Tips for Great Business Writing Skills


One of the key elements in business that always has our team arguing is writing skills. Not just the usual stuff like when to use and apostrophe and when not to, punctuation in general, grammar and spelling but also such things as general content and writing for the right audience.


Many questions arise in terms of language too such as, what is appropriate to use and when is it appropriate to use it? How do we use emails? What to put into a proposal documents, websites and marketing materials? What is too much and what is too little?


All of the above and much more have been discussed late into the night (metaphorically). So we tried to come to some degree of consensus on what we all thought were some of the most valid elements of good writing skills that we all felt worth sharing. I suppose they could be viewed as a kind of guide to the ‘dos and don’ts of good writing. So here goes with our hints and tips session. We hope that you can use some of this in your communications both internally and externally.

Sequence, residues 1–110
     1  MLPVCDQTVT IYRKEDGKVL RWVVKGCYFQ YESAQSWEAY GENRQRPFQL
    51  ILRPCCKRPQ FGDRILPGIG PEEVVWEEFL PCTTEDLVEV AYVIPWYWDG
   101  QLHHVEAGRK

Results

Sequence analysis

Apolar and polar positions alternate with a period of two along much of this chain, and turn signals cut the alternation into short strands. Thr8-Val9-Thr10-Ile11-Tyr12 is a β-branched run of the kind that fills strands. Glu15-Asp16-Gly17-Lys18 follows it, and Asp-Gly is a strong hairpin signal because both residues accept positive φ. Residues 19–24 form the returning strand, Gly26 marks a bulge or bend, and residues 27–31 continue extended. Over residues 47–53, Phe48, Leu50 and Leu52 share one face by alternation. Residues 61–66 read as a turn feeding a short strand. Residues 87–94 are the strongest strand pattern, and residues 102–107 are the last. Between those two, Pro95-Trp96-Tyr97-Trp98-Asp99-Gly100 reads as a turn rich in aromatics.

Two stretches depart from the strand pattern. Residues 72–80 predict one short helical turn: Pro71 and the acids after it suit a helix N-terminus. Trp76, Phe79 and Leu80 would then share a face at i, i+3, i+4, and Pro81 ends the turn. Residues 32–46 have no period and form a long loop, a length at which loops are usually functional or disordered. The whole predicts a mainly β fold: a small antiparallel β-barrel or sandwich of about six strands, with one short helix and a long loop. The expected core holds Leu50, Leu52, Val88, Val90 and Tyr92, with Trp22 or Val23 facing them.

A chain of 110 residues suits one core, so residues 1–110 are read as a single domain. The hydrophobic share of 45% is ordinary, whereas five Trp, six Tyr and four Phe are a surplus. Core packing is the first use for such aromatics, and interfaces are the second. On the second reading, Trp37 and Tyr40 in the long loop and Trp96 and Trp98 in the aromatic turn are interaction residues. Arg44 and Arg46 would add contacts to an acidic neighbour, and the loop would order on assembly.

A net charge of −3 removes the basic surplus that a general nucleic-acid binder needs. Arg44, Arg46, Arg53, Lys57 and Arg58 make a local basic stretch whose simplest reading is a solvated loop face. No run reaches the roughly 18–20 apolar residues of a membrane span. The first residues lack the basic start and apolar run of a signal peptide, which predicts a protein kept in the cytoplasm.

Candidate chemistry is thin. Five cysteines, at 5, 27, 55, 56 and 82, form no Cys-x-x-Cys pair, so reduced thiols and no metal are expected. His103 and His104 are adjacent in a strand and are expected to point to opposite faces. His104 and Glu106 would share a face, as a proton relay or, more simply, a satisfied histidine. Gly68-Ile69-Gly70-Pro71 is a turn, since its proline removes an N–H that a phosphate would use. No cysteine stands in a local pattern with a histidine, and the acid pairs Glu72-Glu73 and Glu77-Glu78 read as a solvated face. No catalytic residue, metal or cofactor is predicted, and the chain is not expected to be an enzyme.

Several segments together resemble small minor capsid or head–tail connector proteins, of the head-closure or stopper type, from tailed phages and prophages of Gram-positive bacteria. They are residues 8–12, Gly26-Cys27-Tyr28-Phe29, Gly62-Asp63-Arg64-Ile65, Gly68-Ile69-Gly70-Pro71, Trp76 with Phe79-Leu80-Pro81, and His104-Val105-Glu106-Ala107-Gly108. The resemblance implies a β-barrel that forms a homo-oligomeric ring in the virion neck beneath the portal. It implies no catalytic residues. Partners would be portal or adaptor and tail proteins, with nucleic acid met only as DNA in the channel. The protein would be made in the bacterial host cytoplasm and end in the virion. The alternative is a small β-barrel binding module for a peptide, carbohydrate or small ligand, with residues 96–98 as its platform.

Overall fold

The first thing we thought was vital was to know your audience. In other words write with your potential reader in mind. There is nothing worse than receiving a note from someone in a technical department which is full of jargon, abbreviations and technical terminology that is meaningless and confusing unless you have a degree in mechanical engineering. Keep it user friendly for the person receiving it.


Spell checkers and tools like Grammarly are great but you might also want to trust what you know too. Whether we like it or not, Americanisms slip through the net even if you set your keyboard or spell checker to UK English, so be careful what you trust and read any piece thoroughly before you send it out. You may wish to ‘organise’ transport for your customer rather than ‘organize’ it.